- Associated Press - Monday, April 2, 2012

NEW YORK (AP) - For years, women have been urged to get screened for breast cancer because the earlier it’s found, the better. Now researchers are reporting more evidence suggesting that’s not always the case.

A study in Norway estimates that between 15 and 25 percent of breast cancers found by mammograms wouldn’t have caused any problems during a woman’s lifetime, but these tumors were being treated anyway. Once detected, early tumors are surgically removed and sometimes treated with radiation or chemotherapy because there’s no certain way to figure out which ones may be dangerous and which are harmless.

“When you look for cancer early and you look really hard, you find forms that are ultimately never going to bother the patient,” said Dr. H. Gilbert Welch of the Dartmouth Institute for Health Policy and Clinical Practice, who was not part of the research. “It’s a side effect of early diagnosis.”

The study is the latest to explore overdiagnosis from routine mammograms _ finding tumors that grow so slowly or not at all and that would not have caused symptoms or death. Previous estimates of the problem have varied.

The researchers took advantage of the staggered decade-long introduction of a screening program in Norway, starting in 1996. That allowed them to compare the number of breast cancers in counties where screening was offered with those in areas that didn’t yet have the program. Their analysis also included a decade before mammograms were offered.

They estimated that for every 2,500 women offered screening, one death from breast cancer will be prevented but six to 10 women will be overdiagnosed and treated.

Study leader Dr. Mette Kalager and other experts said women need to be better informed about the possibility that mammograms can pick up cancers that will never be life-threatening when they consider getting screened. The dilemma is that doctors don’t have a good way of telling which won’t be dangerous.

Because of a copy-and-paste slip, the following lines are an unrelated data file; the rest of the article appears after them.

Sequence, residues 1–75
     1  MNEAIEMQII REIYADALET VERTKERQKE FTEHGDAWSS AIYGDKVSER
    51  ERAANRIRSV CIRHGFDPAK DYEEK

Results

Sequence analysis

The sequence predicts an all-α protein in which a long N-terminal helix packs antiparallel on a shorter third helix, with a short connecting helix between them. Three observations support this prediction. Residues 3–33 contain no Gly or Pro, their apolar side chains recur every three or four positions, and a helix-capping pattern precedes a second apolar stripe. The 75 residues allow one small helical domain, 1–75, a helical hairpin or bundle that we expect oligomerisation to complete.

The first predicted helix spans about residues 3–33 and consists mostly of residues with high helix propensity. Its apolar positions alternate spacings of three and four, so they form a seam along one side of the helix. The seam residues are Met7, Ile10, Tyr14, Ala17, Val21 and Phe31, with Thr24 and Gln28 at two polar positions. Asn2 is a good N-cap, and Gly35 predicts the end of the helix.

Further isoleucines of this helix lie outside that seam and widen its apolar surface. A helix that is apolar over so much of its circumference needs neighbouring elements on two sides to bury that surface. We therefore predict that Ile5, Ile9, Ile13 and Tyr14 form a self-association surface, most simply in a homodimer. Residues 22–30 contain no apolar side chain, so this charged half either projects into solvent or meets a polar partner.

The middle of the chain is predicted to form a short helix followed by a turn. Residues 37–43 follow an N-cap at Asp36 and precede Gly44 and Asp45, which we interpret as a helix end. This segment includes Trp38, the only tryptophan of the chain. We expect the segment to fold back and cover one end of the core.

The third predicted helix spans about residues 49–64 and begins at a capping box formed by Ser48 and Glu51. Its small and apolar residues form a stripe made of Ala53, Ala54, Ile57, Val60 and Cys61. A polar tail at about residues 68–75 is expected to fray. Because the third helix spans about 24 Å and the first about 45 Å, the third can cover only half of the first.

“Once you’ve decided to undergo mammography screening, you also have to deal with the consequences that you might be overdiagnosed,” said Kalager, a breast surgeon at Norway’s Telemark Hospital and a visiting scientist at Harvard School of Public Health. “By then, I think, it’s too late. You have to get treated.”

Kalager and her colleagues looked only at invasive breast cancer. The study did not include DCIS, or ductal carcinoma in situ _ an earlier stage cancer confined to a milk duct.

Under the Norway program, screening was offered every two years to women ages 50 to 69.

Researchers analyzed nearly 40,000 breast cancer cases, including 7,793 that were detected after routine screening began. They estimated that between 1,169 and 1,948 of those women were overdiagnosed and got treatment they didn’t need.

Their findings appear in Tuesday’s Annals of Internal Medicine.

The problem of overdiagnosis has been long recognized with prostate cancer. Darthmouth’s Welch said it’s also a problem in thyroid and lung cancer, a childhood tumor called neuroblastoma and even melanoma. He considers breast cancer screening a close call.

“The truth is that we’ve exaggerated the benefits of screening and we’ve ignored the harms,” he said. “I think we’re headed to a place where we realize we need to give women a more balanced message: Mammography helps some people but it leads others to be treated unnecessarily.”

An editorial published with the study said overdiagnosis probably occurs more often in the United States because American women often start annual screening at an earlier age and radiologists in the U.S. are more likely to report suspicious findings than those in Europe.

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